After talking with friends, I have observed an interesting dichotomy in the college gal’s conceptualization of knitting: The more artsy ladies seem to find interest in knitting and various fiber arts, but others seem to think that knitting is “something grandmas do.” I have spent some time trying to think through why this might be. Perhaps the college-aged woman thinks knitting is a hobby for older people because she learned from an older person. In fact, many of the women I have spoken with know how to knit only because their grandmothers taught them.
While it may be the case that older family members are responsible for the continuation of fiber arts practices in younger generations, it seems as if recent developments in maker culture have led to a resurgence in the crafting domain.
In a BBC News article, wire artist Charmione Lloyd states that “knitting is going through a sort of renaissance”. She says that evidence for such revival can be found in the growing number of knitting groups--so-called crafting circles--that have begun to pop up in communities worldwide.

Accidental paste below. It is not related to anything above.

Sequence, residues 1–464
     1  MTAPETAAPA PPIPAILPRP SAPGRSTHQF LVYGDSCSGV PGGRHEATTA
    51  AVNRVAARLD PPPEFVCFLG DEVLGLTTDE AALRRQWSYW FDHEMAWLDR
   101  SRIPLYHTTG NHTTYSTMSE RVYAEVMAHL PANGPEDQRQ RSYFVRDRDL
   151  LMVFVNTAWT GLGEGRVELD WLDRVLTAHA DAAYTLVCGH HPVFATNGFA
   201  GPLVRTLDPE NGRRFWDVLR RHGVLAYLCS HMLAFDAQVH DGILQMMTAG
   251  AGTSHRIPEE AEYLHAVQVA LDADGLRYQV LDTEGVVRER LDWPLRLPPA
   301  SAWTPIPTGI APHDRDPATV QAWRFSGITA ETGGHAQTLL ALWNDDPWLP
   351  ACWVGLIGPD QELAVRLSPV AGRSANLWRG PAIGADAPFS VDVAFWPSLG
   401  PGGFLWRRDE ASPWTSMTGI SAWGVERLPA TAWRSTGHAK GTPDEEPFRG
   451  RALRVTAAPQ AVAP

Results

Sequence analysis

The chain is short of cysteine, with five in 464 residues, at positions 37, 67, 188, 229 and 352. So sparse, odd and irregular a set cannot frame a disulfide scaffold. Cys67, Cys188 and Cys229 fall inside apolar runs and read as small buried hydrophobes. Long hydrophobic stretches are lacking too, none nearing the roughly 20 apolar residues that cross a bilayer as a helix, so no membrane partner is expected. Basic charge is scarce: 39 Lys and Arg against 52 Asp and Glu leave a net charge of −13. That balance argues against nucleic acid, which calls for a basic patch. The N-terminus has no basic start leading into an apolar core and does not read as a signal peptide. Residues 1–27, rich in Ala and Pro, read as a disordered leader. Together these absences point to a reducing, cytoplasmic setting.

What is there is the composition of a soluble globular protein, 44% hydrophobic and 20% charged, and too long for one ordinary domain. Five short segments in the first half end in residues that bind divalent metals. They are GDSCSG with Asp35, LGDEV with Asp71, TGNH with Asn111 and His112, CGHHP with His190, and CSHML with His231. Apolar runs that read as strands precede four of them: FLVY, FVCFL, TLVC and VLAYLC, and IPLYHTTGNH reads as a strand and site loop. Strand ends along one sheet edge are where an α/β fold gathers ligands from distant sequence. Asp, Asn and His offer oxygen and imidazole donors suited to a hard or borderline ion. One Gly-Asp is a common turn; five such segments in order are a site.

A couple of years ago, Tom Ashbrook, a radio DJ in Boston, dedicated a radio session to knitting’s comeback in the 21st century. On Point, the name of Ashbrook’s radio show, aired a piece titled “The Resurgence Of Knitting”, which featured several north-eastern knitters who are young fiber art enthusiasts. Listen to the full piece here.
In the following weeks, I will dig deeper into the idea that knitting is an art for all ages (not just grandmas).